Want to Catch Whiting on Poppers and Stickbaits This Summer???

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Want to Catch Whiting on Poppers and Stickbaits This Summer???

One of my favourite pastimes in summer is hitting the local sand flats in search of whiting. Over the last few years I’ve been targeting them exclusively on surface lures. Having 5, 6 or seven lit-up whiting chasing down a tiny stickbait is just great fun. Here are our top tips for getting into whiting on surface lures this summer.

Where

Whiting can be found on a variety of shallow sandy flats around coastal estuary systems, lakes and lagoons. The usual haunt for whiting are the shallow and clear tidal flats before estuaries spill into the sea. Locations such as Narabeen Lake, Lake Illawarra, Minamurra and Sussex Inlet are prime examples. However, whiting can also be found in many of the sheltered bays around Sydney Harbour and Botany Bay. These bays don’t have the tidal currents that many anglers usually associate with whiting fishing. The reason whiting are found here are the worms, nippers and prawns that whiting eat live on these sheltered sand flats.

When arriving at a flat it’s a good idea to check for whiting attracting features rather than just blindly casting. Features that will help you locate the whiting include:

  1. Undulating sandy bottom. These areas can be easily scouted out at low tide and may only be 10 or 20cm deeper than the surrounding area. At high tide they form slightly deeper pools and channels on the flats helping the whiting move closer to their food. Try and work the perimeter of these areas before putting a few casts right through the middle.
  2. Patches of weed. Often flats will have small patches of ribbon weed. These make excellent hiding places for prawns and small baitfish. Whiting hang around within several meters waiting for an easy meal to make a break from the cover.
  3. Sandy areas backed by mangroves. Mangrove roots are a great hiding place for baitfish and prawns. Try around the perimeter of the mangroves as well as up any channels that lead into the mangroves.

 

When

Fishing for whiting with surface lures really takes off over the warmer months. Generally October through to March prove to be the best months to hit the flats. In terms of tides, whiting will usually spend the low tide milling around in deeper water. As the tide begins to rise and they can access their feeding grounds. They will push up on the flats as soon as the water is deep enough to cover their backs. This early part of the rising tide is usually when whiting will aggressively chase down a surface lure.

The bite does go quiet at the top of the tide before a slightly less enthusiastic bite as the tide falls. On the falling tide bream and flathead will be very active on the flats taking advantage of the prawns and baitfish finding new shelter in deeper water.

Surface Lures

Stickbaits and poppers are the weapons of choice here. I prefer lures that look as natural as possible mimicking the look of a prawn or small baitfish. My tackle box is mostly filled with clear lures with a tinge of yellow or green to them. Some red on the lure also seems to entice a reaction from the whiting.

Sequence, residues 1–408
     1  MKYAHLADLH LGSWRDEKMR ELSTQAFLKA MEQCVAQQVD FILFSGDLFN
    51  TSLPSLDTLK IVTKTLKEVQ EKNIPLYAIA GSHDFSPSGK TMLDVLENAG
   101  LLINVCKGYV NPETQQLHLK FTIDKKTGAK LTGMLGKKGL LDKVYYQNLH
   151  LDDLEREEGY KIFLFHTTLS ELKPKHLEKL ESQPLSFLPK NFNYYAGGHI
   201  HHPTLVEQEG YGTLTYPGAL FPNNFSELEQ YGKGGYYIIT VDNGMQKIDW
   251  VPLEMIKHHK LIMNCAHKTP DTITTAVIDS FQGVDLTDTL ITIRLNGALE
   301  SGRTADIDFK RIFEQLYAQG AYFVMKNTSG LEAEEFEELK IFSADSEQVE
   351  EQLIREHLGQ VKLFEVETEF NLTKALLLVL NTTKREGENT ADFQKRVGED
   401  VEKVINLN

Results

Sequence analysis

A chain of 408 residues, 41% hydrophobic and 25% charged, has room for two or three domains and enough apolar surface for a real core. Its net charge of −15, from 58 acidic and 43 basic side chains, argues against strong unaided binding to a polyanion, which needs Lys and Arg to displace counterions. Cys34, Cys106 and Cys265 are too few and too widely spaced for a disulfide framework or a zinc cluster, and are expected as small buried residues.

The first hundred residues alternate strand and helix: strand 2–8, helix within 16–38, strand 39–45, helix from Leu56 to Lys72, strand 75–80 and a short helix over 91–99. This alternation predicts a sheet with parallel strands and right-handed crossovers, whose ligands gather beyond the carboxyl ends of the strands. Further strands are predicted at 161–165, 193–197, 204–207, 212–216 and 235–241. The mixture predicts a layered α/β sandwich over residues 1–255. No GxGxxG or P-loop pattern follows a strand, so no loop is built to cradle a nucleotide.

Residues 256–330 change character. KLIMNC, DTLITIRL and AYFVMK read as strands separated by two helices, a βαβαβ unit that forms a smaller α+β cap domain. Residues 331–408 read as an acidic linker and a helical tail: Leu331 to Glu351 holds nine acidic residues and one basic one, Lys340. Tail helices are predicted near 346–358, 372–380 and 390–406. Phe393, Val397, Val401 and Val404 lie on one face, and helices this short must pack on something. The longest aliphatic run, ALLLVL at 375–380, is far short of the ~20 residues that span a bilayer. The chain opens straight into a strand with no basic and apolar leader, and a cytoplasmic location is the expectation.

Poppers – When the water is a bit choppy whiting seem to respond slightly better to poppers. Look for a length of 45 to 50mm with a bit of weight for long stealthy casts. Ones that look like they will push a fine spray ahead of the lure are what you are looking for.

Stickbaits – When the water is fairly still a good stickbait will create a nice V-shape as it swims across the water surface. Again look for a lure 45 to 70mm in length that looks a bit like a prawn or baitfish.

Try to take half a dozen profiles and colours each time you go out. Although whiting can be very aggressive feeders they can also be incredibly picky at times.

Tackle

Long casts with small lightweight lures are the key to catching whiting. Small threadline reels matched to a lightweight rod that can punch a small lure out in a bit of a breeze are all that is required. Braided line is also handy to reduce any wind drag when casting and retrieving. A short but relatively heavy fluorocarbon leader of around 12lbs will stop the leader getting wrapped around the trebles each cast. The heavy leader tied directly to the lure with a uni knot will also help the lure track straight through the water. A straight tracking lure improves the hook-up rate considerably.

You will catch quite a lot of undersized fish so to aid in a quick release it is a good idea to have a small landing net and some needle nosed pliers readily available. Whiting seem to get three points of the treble stuck in their tiny mouths so microsurgery is often required to unhook them.

Technique

The basic technique is a long cast and a steady retrieve. With poppers try and keep it moving with a constant splashing retrieve all the way back to the rod tip. Stickbaits need to generate a nice V shaped wake with an occasional flick like a fleeing prawn.

Final Tips
  • Look for sand flats with a bit of structure.
  • A light outfit is all that is required. They are only whiting afterall.
  • Keep your lure moving.
  • Get out there and give this exciting way of fishing a go.

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2Comments

  • JOHN / 7 February 2020 11:04

    THANKS FOR THE GREAT TIPS, STILL LEARNING.

    HAVE CAUGHT A FEW ON STICK BAITS, I HAVE SOME CLEAR READ FACED POPPERS TO TRY,
    CANT WAIT…

  • Ocean Addiction / 8 February 2020 4:46

    Thanks for the read mate, it certainly is addictive.

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The charm of fishing is that it is the pursuit of what is elusive but attainable, a perpetual series of occasions for hope.

John Buchan